SpaceX's Starship moon rocket exploded on Tuesday while attempting to land minutes after it launched in south Texas.
This marks the company's second prototype explosion in just three months.
The Starship SN9 was a test model of a heavy-lift rocket being developed by Elon Musk's private space company.
It's designed to carry humans and 100 tons of cargo on missions to the moon and Mars.
The 16-story-tall rocket soared into the sky without issues.
It hovered in midair as it reached its peak altitude 6 miles above its launch pad.
As it descended, one of the three thrusters failed to ignite and fell rapidly to the ground.
Six and a half minutes after liftoff, the SN9 exploded into a ball of flames, smoke and debris just like the SN8 before it when in December, the Starship's first prototype met a similar fate.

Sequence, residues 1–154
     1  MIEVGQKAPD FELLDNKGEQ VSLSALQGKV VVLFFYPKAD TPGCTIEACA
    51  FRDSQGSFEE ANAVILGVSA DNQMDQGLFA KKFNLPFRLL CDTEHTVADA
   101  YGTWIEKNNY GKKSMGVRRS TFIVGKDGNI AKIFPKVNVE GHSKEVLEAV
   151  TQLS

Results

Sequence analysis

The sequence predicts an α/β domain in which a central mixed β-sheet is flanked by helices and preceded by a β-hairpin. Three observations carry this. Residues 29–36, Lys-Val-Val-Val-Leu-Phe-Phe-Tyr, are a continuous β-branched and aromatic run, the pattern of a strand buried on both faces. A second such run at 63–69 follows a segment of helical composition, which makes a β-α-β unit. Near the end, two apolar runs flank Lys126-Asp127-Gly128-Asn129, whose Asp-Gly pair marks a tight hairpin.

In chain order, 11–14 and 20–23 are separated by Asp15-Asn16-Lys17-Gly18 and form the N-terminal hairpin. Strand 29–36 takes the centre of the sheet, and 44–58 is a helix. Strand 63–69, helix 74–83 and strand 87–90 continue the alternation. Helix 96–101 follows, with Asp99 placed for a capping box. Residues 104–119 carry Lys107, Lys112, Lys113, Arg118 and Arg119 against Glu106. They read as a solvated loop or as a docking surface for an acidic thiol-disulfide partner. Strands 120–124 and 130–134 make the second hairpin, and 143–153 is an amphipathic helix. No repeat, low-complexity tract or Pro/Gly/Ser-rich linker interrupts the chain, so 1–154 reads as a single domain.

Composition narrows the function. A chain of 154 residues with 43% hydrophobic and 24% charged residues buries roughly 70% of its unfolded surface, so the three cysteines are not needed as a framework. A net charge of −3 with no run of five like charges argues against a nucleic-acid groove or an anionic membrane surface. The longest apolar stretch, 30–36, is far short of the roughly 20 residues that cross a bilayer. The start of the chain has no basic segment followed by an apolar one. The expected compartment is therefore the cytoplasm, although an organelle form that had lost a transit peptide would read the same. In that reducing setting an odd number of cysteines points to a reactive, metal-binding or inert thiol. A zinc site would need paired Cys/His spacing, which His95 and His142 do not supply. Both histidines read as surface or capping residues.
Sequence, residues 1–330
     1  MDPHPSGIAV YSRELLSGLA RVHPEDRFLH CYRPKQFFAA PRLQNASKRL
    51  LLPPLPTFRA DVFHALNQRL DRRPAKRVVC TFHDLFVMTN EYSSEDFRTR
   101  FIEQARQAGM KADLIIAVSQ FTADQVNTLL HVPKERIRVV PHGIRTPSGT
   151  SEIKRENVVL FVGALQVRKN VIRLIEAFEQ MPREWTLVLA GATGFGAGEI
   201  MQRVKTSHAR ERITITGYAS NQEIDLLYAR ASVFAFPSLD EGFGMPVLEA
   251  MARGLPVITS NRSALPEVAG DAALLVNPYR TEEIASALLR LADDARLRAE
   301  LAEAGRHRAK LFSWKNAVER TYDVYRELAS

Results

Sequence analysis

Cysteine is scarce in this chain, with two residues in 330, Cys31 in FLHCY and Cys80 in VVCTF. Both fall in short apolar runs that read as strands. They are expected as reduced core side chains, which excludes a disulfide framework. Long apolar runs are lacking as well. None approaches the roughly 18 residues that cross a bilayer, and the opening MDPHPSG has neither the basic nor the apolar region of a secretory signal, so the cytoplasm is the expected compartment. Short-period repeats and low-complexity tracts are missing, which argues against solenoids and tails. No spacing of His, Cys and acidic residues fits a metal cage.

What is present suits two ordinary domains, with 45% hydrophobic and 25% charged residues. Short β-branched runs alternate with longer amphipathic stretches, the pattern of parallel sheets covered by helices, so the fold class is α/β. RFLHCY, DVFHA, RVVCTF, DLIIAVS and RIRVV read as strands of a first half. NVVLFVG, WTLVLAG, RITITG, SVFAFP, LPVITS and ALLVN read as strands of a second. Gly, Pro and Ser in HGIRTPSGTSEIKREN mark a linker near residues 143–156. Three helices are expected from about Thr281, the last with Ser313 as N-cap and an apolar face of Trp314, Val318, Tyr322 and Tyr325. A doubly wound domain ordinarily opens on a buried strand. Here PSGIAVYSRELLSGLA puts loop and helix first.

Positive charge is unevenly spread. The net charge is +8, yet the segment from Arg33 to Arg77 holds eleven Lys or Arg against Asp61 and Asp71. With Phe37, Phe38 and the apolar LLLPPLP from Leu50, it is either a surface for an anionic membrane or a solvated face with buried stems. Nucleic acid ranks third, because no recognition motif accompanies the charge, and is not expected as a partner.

No injuries occurred in either incident.
Musk did not provide an immediate comment, and said earlier on Twitter he was going to be off the social media platform "for a while."
The Federal Aviation Administration said in a statement that it would investigate Tuesday's explosion fueling tension between the agency and Musk.
The FAA had investigated December's launch saying it did not meet public safety standards, but approved Tuesday's test to take place after what it called "corrective actions."
Last week, Musk criticized the agency's space division in a tweet, saying:
"The FAA space division has a fundamentally broken regulatory structure. Their rules are meant for a handful of expendable launches per year from a few government facilities. Under those rules, humanity will never get to Mars."
SpaceX intends to launch the Starship's first orbital flight by the end of the year and by 2023, Musk has said he'll fly his first passenger around the moon.